Caldwell’s “non-Religious” anti-Evolution Materials

A small victory for Larry Caldwell, the California lawyer who believes he has a right to dictate science education in his school district. Caldwell is an anti-evolutionist, and his Quality Science Education for All was set up to promote

a science education that exposes students to the scientific strengths and weaknesses of evolutionary theory.

Eugenie Scott wrote an attack on Caldwell’s aims and methods, which Caldwell considered to be libellous. The latest California Wild magazine (published by the California Academy of Sciences) now carries a retraction by Scott of some of her accusations, and a response by Caldwell:

Contrary to false statements and implications in Scott’s article, I never asked the district to ban or limit the teaching of evolution in biology classes, or to present the Bible or the Genesis account of creation in biology classes, or to teach creation science, or young-earth creation, or intelligent design theory in biology classes, and our district’s board of trustees never considered implementing any such policy for its biology classes. Contrary to Scott’s claim, our board also never “declared that . . . [any] creationist materials would be ‘recommended’ but not required.”

So it seems from this Caldwell is really just interested in science, and not religion at all. But a prior paragraph suggests otherwise:

The only materials I submitted for adoption and use in classrooms in our district were a video entitled Icons of Evolution Curriculum Modules, and written materials authored by Cornelius G. Hunter, who holds a Ph.D. in biophysics from the University of Illinois. The Icons Modules video consists of a discussion of five scientific weaknesses of Darwinian evolution by well-credentialed scientists, including, ironically, Eugenie Scott herself defending Darwin’s theory. Dr. Hunter’s written materials are contained in a Power Point presentation Dr. Hunter made to our science teachers. His Power Point presentation consists of Dr. Hunter’s critique of the District’s biology textbook’s discussion of evolution and suggested written materials to be used in conjunction with the textbook.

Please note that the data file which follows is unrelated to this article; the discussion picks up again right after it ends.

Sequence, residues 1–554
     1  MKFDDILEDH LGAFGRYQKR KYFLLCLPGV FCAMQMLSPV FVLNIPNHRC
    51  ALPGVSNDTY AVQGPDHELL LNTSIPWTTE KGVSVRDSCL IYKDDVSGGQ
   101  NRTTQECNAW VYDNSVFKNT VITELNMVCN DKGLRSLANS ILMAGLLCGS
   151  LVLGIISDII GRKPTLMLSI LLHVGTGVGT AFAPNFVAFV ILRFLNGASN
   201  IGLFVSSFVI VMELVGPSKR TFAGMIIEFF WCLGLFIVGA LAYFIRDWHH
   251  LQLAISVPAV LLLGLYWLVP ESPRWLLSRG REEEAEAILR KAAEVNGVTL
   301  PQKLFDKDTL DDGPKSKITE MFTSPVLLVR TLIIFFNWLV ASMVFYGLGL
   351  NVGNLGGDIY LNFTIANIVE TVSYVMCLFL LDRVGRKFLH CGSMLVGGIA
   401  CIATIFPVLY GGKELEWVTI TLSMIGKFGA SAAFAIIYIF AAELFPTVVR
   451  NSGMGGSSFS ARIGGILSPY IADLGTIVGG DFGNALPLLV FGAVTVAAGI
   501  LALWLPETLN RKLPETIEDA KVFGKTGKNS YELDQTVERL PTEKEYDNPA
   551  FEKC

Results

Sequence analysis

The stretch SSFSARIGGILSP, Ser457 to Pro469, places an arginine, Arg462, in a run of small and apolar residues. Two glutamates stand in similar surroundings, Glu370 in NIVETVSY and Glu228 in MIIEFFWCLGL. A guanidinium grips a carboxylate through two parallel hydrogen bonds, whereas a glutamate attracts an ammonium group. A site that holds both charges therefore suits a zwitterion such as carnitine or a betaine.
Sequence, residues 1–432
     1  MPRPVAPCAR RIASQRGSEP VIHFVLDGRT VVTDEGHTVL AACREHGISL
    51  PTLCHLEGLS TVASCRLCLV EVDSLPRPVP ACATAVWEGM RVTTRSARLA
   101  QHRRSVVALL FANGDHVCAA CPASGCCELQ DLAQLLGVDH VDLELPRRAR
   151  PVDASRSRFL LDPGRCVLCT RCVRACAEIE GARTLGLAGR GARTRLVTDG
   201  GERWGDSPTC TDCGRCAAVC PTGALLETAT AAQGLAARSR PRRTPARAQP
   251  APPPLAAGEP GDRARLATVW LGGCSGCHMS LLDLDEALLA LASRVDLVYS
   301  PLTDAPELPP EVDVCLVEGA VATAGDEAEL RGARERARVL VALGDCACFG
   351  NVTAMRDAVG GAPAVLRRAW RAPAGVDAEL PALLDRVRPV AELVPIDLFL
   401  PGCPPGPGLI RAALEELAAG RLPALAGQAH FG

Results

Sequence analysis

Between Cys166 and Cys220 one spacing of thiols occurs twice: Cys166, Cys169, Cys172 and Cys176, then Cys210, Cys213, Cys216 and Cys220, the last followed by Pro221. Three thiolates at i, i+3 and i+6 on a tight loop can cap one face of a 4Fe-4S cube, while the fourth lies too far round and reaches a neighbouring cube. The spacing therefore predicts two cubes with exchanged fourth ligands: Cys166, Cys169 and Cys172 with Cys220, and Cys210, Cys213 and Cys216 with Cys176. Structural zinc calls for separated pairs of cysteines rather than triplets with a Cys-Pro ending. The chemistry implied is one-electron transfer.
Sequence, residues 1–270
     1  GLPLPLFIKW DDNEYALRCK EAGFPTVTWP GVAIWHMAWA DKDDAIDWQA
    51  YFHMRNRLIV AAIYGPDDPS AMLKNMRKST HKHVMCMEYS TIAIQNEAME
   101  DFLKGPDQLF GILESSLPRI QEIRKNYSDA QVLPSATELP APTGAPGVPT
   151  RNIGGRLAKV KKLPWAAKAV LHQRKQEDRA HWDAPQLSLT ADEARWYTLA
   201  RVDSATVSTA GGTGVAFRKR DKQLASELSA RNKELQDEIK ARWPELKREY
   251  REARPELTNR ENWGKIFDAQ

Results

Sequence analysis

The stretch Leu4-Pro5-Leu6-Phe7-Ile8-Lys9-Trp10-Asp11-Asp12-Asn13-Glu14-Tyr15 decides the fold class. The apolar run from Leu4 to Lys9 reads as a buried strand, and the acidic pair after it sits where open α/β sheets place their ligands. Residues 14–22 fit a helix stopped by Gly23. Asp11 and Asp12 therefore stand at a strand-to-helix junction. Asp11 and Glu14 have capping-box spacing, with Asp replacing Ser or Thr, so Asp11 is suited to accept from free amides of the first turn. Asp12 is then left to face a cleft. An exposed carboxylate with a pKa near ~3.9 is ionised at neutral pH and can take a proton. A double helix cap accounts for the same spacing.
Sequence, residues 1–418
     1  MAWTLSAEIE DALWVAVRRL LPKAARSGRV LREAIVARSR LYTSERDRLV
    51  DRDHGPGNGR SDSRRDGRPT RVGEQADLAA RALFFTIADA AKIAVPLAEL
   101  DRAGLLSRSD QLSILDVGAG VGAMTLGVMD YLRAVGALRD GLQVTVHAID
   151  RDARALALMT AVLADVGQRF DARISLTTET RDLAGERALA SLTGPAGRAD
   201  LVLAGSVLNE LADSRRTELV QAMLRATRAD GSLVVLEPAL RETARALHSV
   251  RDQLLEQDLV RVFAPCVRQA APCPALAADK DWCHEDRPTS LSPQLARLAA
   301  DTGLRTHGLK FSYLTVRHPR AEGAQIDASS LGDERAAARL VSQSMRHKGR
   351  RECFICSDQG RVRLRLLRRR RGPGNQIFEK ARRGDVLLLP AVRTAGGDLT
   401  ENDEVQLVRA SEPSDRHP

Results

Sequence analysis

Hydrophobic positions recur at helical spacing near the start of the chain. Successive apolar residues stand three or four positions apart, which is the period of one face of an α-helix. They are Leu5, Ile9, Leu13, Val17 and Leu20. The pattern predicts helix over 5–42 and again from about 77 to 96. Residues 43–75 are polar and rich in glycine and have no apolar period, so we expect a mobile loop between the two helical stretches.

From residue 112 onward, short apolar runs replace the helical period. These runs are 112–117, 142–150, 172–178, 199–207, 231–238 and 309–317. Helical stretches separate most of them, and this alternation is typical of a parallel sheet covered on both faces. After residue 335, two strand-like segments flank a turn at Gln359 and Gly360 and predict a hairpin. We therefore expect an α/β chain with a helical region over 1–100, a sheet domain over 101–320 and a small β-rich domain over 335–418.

Icons of Evolution  is very well-known, and was written as a book by Jonathan Wells of the Discovery Institute. His work was inspired by Rev Moon, as he explains on the True Parents Organisation website:

Father’s [i.e. Moon’s] words, my studies, and my prayers convinced me that I should devote my life to destroying Darwinism…When I finished my Yale Ph.D., I felt confident that I understood the theological basis of the conflict between Darwinism and theism.

The book from which the Icons video is derived was not, of course, scientifically peer-reviewed, and was published by the right-wing publishing house Regnery.

Hunter’s 2001 PhD was entitled Protein structure analysis and prediction (via the University of Illinois library catalogue), but he is better known as the author of Darwin’s God, published by the evangelical Brazos Press, in which he claims

the theory of evolution, from its origins with Charles Darwin up to its present-day proponents, is motivated at bottom by theological concerns. Behind the scientific story is the story of Charles Darwin’s grappling with questions about God, reality, and the nature of the universe. Ultimately, Hunter shows how Darwin’s inability to reconcile his understanding of a benevolent God with the cruelty, waste, and quandaries of nature led him to develop the theodicy called evolution. Importantly, the tale Hunter has to tell is not merely historical. He demonstrates how today’s theory of evolution continues to rely on Darwin’s metaphysics.

Doubtless it is this argumentation, rather than anything derived from Hunter’s study of protein structure, which Caldwell believes qualifies Hunter to critique the biology textbooks currently in use.

So, two religiously-motivated scientists known only for books published by non-scientific and ideologically conservative publishing houses. And just why do they deserve to have the law step in to ensure that their opinions are taught in science classes? Caldwell explains:

The science statements made in the Icons Modules video and Dr. Hunter’s slide show presentation are supported by meticulous citations to peer-reviewed articles in mainstream science journals, and Dr. Hunter’s Power Point presentation and the Icons Modules video have been endorsed by a number of university professors and other scientists.

There. Caldwell’s materials may not have been peer-reviewed, but they do mention peer-reviewed works in them, which is just as good. Plus some other scientists and professors (who may be friends and co-ideologists with Wells and Hunter, but that doesn’t matter) liked them.

UPDATE: I’m always happy to get feedback from someone on the inside; Cornelius Hunter and Larry Caldwell respond in the comments.